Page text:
“I con­sider (Dr. Ge­orge and Mary Ben­jamin) to be such good friends and yet I just look up to them,” Beck said. “They have put so much time and ded­i­ca­tion into this com­mu­nity.”

WORK­ING TO­GETHER

Both Ben­jamin and Cle­mens said they have seen tremen­dous ad­vances in med­i­cal and di­ag­nos­tic tech­nol­ogy over their ca­reers.

“I don’t think pa­tients have changed,” Cle­mens said with a laugh, and Ben­jamin agreed.

“That’s been the fun of this to me,” Ben­jamin said. “Hav­ing that kind of re­la­tion­ships with (pa­tients) for years, you know, tak­ing care of them as kids, and then (tak­ing care of) their ba­bies, and that sort of things.”

The two doc­tors worked closely over the years, some­times help­ing each other with surg­eries and Ce­sarean sec­tions. They have watched the growth of the Siloam Springs Med­i­cal Cen­ter as it moved to its cur­rent lo­ca­tion on Jef­fer­son Street, the for­ma­tion of Com­mu­nity Physi­cians Group and the build­ing of the new Siloam Springs Re­gional Hospi­tal.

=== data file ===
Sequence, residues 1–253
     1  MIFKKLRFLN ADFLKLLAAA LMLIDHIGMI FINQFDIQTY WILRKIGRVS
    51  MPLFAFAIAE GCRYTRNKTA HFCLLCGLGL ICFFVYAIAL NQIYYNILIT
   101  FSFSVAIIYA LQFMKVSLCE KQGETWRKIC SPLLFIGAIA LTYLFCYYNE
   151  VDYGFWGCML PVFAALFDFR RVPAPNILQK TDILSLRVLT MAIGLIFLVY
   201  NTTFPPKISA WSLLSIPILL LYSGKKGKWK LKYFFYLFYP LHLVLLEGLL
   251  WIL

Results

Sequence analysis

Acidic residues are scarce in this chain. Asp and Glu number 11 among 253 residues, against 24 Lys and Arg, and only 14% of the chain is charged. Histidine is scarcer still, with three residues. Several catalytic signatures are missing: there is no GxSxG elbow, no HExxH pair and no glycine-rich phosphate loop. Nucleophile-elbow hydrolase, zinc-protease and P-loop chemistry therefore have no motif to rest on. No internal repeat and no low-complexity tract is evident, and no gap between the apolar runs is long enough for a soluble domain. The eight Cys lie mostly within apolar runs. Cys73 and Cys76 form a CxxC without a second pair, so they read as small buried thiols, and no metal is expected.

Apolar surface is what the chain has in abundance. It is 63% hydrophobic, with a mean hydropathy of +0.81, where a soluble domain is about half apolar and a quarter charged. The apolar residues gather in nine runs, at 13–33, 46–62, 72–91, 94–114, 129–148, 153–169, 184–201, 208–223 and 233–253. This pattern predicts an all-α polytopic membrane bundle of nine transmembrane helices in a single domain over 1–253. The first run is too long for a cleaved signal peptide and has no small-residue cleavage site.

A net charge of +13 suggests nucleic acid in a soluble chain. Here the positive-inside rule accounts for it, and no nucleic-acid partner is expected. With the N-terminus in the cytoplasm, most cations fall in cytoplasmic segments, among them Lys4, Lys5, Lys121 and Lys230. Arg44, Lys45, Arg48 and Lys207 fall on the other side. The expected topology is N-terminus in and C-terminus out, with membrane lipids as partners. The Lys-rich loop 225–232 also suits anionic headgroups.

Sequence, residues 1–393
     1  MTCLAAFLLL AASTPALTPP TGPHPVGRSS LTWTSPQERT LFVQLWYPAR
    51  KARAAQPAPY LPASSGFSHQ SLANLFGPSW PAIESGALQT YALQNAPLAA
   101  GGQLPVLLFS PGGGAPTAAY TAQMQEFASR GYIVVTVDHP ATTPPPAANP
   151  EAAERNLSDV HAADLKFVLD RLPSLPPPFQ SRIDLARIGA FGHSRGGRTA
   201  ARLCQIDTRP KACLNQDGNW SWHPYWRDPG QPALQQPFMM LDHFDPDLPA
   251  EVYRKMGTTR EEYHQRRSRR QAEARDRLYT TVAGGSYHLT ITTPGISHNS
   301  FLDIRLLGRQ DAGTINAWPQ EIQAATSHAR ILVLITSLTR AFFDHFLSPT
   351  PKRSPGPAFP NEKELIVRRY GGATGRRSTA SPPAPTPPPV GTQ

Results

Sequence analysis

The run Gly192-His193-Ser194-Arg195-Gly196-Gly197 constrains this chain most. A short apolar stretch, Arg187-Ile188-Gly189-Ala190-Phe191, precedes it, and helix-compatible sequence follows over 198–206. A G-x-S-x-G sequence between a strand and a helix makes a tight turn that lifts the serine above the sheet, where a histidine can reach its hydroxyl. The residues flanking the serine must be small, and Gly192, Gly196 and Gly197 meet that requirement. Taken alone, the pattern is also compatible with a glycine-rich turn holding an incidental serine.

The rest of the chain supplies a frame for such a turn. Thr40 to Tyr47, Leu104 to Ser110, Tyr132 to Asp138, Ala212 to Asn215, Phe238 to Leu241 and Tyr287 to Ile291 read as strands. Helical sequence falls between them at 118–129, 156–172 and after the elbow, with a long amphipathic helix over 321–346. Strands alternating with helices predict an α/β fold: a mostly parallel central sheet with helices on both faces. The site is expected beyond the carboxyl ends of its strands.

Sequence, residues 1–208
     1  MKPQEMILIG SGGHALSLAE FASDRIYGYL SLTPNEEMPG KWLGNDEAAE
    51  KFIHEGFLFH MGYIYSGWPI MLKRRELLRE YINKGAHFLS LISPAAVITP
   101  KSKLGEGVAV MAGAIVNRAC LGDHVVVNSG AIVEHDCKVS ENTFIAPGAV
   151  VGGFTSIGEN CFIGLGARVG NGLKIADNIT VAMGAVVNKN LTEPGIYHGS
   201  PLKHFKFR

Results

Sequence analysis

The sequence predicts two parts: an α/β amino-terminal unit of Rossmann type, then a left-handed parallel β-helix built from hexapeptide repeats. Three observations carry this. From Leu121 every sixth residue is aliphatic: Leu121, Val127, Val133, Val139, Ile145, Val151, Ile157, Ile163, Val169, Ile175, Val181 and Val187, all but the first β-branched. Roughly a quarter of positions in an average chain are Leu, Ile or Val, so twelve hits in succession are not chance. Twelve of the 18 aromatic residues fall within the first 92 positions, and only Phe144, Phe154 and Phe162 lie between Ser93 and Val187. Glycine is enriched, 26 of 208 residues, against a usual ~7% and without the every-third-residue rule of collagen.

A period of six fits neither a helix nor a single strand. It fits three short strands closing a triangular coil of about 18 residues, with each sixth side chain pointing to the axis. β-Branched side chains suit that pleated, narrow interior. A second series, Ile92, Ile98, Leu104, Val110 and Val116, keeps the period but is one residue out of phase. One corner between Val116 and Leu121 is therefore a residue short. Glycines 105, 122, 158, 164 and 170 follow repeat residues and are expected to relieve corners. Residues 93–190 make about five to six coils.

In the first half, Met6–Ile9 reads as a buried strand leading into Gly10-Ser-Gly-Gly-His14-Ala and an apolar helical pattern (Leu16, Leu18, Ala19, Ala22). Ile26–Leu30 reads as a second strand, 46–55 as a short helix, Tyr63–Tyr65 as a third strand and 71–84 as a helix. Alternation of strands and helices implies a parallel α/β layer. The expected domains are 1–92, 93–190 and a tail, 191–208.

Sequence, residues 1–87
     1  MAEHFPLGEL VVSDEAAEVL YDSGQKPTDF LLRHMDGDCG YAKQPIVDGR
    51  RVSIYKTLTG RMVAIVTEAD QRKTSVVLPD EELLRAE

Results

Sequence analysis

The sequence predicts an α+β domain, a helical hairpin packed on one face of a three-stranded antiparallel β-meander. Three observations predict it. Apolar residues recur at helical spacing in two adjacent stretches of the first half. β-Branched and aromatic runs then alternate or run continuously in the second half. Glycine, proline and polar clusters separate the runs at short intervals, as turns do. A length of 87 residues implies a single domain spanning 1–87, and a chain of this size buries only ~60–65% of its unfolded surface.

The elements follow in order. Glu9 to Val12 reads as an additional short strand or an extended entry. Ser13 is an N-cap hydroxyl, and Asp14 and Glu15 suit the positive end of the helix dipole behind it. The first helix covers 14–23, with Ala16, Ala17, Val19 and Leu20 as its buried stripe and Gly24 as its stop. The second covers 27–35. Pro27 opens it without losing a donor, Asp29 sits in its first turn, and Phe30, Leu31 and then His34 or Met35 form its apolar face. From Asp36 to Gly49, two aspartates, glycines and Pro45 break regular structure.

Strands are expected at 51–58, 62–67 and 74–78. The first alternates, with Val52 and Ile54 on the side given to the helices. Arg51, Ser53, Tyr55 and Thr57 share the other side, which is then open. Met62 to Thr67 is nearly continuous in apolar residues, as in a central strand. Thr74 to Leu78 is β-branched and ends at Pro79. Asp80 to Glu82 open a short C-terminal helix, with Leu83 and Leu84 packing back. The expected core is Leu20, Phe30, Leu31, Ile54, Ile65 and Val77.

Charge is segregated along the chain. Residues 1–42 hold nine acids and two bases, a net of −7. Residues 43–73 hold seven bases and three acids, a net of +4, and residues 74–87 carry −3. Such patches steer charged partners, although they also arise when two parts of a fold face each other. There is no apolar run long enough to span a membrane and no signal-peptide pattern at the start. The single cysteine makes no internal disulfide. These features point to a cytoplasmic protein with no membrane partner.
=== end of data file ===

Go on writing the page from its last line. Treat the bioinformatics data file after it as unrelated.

An es­pe­cially re­ward­ing part of their ca­reers has been de­liv­er­ing mul­ti­ple gen­er­a­tions of ba­bies in Siloam Springs.

Ben­jamin said that once he was at a Christ­mas pageant, when he be­gan to re­al­ize he had de­liv­ered three-quar­ters of the chil­dren in the pageant.

“We had the same sort of thing when our kids were young, and you would open the year­book and see how many kids you had de­liv­ered,” Cle­mens said.

Tom­mye Strassheim has worked for CPG for nearly 53 years, and dur­ing that time she has watched Cle­mens’ and Ben­jamin’s ca­reers from the be­gin­ning.

“They were both won­der­ful to work with,” she said.

Both Ben­jamin and Cle­mens have treated their pa­tients like fam­ily for many years, she said.

“We’re go­ing to miss them both,” she said. “They’re just spe­cial, I don’t know how to ex­plain how spe­cial they are.”